Zero Carbon Forum director Bob Gordon suggested that while businesses within the network are all looking at the potential to change their supply chains to support regenerative agriculture, a key barrier to action was the challenge in “turning a strong qualitative (emotional) narrative into a quantitative narrative” that will persuade boardroom decision makers to make the necessary investments. “If a food company is experiencing risk and volatility in their supply chain can we quantify the extent to which regenerative agriculture will reduce that risk [and] reduce emissions?” he questioned, adding that, “without quantification we’re not going to get to scale”.

Nutrition gap

For all the diversity in subject matter across the two days at Groundswell the question of how regenerative agriculture can support better human nutrition was largely absent. Plenty of farmers spoke passionately about their pride in producing nutrient dense food, but there was little in the way of analysis of whether that food ultimately delivers better nutrition to people – including those who habitually struggle to access healthy options – and the extent to which regeneratively-farmed food retains its nutrition once subjected to further processing.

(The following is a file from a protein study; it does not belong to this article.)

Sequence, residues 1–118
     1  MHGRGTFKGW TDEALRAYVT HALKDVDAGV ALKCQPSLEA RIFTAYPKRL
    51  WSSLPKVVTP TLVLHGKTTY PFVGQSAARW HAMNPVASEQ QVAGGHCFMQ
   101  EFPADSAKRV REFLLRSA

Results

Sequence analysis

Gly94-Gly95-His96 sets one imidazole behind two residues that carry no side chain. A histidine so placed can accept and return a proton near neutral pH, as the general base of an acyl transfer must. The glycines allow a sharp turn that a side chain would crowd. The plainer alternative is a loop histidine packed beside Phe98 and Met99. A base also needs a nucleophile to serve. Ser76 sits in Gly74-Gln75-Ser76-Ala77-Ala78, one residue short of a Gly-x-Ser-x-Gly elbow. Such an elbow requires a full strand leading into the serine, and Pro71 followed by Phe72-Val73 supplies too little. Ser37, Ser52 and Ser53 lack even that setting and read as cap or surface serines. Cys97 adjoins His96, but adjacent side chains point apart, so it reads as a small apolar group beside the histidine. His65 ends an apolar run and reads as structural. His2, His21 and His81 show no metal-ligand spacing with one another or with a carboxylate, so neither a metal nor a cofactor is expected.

To-date, discussion of the benefits of regenerative agriculture has largely been decoupled from the debate over the danger of diets high in ultra-processed foods. But as campaigners push for a more systemic, joined-up approach to food policy it seems certain these agendas will soon collide. As Tara Garnett, director of the Table collaboration based at the University of Oxford, asked pointedly from the audience during the supply chain panel session: “Is there such a thing as a regenerative Pot Noodle?”

Is there indeed? Perhaps by the time Groundswell convenes for its ninth edition in July 2025, we will be closer to answering some of the complex questions that surround regenerative farming and its relationship with all of us.